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Am J Epidemiol. 1986 Nov;124(5):816-25.

The effect of misclassification of disease status in follow-up studies: implications for selecting disease classification criteria.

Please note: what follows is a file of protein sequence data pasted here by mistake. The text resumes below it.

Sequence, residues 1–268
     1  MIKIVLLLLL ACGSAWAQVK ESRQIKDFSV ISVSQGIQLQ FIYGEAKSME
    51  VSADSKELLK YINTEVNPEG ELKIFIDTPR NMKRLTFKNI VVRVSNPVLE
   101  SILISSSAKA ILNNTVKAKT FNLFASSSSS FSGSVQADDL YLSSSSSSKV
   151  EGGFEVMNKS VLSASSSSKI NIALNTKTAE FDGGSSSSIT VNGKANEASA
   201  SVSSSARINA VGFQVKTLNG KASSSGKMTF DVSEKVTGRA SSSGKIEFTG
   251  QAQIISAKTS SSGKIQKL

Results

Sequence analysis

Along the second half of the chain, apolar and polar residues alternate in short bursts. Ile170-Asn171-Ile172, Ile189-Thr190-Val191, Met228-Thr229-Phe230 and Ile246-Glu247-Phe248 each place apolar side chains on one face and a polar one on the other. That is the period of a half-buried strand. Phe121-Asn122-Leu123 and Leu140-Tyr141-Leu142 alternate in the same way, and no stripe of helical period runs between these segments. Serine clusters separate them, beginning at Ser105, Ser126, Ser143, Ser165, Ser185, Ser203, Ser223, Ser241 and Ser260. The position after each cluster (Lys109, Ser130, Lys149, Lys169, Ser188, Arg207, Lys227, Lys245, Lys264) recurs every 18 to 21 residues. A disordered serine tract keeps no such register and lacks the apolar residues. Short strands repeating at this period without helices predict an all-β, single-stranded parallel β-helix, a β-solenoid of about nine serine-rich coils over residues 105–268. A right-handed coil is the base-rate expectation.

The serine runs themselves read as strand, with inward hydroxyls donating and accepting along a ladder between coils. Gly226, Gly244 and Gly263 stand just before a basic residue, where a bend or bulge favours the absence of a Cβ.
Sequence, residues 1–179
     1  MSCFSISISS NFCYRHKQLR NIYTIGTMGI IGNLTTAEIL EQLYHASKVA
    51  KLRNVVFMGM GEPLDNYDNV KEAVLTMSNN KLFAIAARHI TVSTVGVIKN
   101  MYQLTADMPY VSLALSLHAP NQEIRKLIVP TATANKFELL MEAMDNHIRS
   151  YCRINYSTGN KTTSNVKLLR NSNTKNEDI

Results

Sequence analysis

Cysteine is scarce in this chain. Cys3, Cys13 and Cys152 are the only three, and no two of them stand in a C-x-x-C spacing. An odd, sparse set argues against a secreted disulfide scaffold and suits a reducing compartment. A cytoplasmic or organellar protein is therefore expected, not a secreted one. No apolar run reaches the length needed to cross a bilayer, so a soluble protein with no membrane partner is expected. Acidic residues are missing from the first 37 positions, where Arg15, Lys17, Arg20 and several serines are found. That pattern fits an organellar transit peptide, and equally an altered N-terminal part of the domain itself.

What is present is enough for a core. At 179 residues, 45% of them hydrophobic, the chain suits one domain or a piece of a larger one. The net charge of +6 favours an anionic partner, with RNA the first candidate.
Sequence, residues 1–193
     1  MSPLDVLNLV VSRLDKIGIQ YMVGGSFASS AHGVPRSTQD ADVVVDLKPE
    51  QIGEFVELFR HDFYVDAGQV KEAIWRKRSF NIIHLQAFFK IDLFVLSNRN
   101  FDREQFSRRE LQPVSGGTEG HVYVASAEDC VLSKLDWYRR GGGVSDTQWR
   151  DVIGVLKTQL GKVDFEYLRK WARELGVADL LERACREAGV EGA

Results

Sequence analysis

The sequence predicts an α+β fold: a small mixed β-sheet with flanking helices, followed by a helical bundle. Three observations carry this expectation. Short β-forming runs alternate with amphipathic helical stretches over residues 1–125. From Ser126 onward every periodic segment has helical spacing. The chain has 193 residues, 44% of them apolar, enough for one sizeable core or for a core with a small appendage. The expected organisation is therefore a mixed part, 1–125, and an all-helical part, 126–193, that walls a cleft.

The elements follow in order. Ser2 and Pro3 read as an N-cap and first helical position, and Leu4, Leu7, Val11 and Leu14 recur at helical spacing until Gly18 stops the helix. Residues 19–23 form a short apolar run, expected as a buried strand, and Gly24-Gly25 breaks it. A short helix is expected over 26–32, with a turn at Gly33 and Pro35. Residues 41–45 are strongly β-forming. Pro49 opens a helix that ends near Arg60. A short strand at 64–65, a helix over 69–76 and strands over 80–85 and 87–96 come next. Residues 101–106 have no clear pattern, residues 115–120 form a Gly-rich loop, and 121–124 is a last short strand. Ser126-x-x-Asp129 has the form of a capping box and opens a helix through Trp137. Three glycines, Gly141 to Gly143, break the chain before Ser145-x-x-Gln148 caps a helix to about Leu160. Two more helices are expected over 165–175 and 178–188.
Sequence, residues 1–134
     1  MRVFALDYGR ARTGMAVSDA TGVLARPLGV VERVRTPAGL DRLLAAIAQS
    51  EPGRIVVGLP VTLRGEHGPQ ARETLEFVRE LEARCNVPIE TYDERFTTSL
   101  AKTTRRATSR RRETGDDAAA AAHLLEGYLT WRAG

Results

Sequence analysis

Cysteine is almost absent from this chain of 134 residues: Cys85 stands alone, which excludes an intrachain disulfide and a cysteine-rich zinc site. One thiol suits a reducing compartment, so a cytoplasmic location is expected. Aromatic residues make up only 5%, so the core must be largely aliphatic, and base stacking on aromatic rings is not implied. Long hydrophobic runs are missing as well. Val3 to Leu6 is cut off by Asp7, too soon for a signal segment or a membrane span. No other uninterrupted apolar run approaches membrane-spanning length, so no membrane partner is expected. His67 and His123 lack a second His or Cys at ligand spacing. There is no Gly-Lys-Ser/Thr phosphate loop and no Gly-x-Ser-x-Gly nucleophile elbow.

For many diseases, a set of diagnostic criteria with perfect sensitivity and specificity does not exist. In the design of a follow-up study of such a disease, one often has a choice between using a set of narrow classification criteria for the disease outcome (i.e., a test with relatively high specificity and relatively low sensitivity) or a broader set of criteria (i.e., a more sensitive, less specific test). A model was investigated which simulated choices one may have between disease classification tests, to determine how the required sample size and bias in the estimates of the risk ratio and risk difference varied between tests. A two-sample study with nondifferential misclassification of disease outcome was assumed. Based on the model, the bias in the risk ratio increases as one increases the sensitivity of the diagnostic test at the expense of specificity. Conversely, the bias in the risk difference decreases with increasing sensitivity and declining specificity. The required sample size is minimized at relatively high sensitivity and relatively low specificity. Selection of the disease classification test as that at which the required sample size is minimized could reduce some of the large data collection costs of follow-up studies. The advantages and limitations of applying this technique to actual studies are discussed.

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